MDb Review: Metroid Fusion: by TJ

When I was at E3 2001 and I saw video footage of the in-development Metroid IV, I was amped. True, the graphics had a long way to go at the time, but when seen in motion, it was obvious that the developers were planning on taking Metroid gameplay to places it hadn't been before. A year and a half later, we finally have the game, now titled Metroid Fusion, and the Metroid series has indeed been taken to new places -- and they are very different places than anyone could have dreamed of.

How would they continue the Metroid series after the Metroids had been destroyed in Super, we asked? The answer: Anywhere Nintendo darn well pleases.

Graphics and Design

The same team which developed the first three Metroids created Fusion, as well. They took a bold step in replacing Samus' classic Power Suit with the very different Fusion Suit, giving our girl a sleeker, more organic, even feral appearance. It might not be as tough-looking as the good ol' Power Suit, but I still like it. And it makes sense, given that Samus is forced to fight the SA-X -- a clone of Samus at her most powerful. The Fusion Suit gives the real Samus a dramatic contrast to her enemy.

The backgrounds and enemies are superbly detailed and somewhat more colorful than those in most Metroid games. Considering the setting of the game, which is a research space station which simulates six different habitats for creatures, this makes sense -- not to mention easier viewing on the GBA screen.

Another nice touch is the addition of hand-drawn art in the game's cutscenes...oh wait, did I mention there are cutscenes? Well there are, and they're lovely. I would love to get ahold of copies of the original Photoshop files, because the art is beautiful -- much more elaborate than the scenes in Super Metroid's intro sequence.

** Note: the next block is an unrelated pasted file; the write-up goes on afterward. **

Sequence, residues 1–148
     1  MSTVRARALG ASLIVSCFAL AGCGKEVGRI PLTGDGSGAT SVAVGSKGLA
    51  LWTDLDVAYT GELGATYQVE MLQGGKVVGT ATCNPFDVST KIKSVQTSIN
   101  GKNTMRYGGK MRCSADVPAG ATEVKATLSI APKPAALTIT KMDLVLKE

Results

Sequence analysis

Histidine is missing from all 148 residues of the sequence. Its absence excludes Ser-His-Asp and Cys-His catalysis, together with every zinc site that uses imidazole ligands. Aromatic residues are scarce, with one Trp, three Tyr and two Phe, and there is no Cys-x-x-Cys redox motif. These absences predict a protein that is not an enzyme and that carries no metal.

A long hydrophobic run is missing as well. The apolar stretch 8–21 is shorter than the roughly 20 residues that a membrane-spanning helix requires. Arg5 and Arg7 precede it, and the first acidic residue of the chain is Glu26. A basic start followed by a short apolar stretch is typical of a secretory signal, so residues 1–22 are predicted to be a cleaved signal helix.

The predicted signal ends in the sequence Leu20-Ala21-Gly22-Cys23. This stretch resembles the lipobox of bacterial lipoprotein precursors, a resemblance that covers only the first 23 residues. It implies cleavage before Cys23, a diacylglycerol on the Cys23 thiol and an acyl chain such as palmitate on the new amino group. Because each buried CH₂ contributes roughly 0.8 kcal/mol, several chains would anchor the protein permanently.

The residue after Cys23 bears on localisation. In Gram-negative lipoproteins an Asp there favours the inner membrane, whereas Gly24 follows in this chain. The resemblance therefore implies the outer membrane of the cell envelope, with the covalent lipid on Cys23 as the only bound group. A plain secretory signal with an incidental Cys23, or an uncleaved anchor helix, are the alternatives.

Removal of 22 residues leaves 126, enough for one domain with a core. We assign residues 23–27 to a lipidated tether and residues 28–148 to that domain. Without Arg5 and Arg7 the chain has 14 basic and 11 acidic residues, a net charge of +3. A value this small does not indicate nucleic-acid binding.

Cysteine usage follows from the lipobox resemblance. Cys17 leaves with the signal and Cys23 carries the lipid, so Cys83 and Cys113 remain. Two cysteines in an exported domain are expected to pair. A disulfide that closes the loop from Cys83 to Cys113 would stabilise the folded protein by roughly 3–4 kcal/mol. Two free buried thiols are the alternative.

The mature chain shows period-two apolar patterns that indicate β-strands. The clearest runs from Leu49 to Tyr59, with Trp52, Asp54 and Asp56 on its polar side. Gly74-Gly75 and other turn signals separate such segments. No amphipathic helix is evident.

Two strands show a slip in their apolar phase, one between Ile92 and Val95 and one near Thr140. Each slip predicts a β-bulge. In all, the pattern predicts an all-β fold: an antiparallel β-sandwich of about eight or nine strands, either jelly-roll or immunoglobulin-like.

Fusion's control is largely a Super Metroid feel with a few additions and deletions. The first thing you'll notice is Samus' ability to grab onto ledges and pull herself up, ala Prince of Persia. Much like Metroid II's addition of a "crouch" position and Super Metroid's introduction of the wall-jump technique, it's extremely useful and you'll wonder why they didn't think of it before; when playing the older games again, you'll wish it was there. The wall-jump technique from Super does return, although it's somewhat modified -- no more scaling a single sheer wall to gain that power-up a little early. It's kind of a bummer, but I bet the programmers did that for the same reason they stopped having bubble doors close automatically after the original Metroid -- because Metroid masters found out how to exploit it. Bombing techniques have changed -- no more bomb climb, but you don't really need it since the High-Jump and Spring Ball powerups are now combined in a 2-for-1 item; plus, Sam can lay 4 bombs instead of 3, so the tradeoff isn't so bad. Finally, climbing on certain walls and ceilings has basically replaced the Grappling Beam, which is okay -- no power-up required. There are a few other things they changed regarding the physics of jumping, running, and rolling into a ball, but they're negligible differences from previous games. All of these changes make playing Fusion slightly different, but no less enjoyable, than Super. With just a few minutes' practice, any Metroid veteran will be able to navigate Samus through her surroundings as gracefully as ever.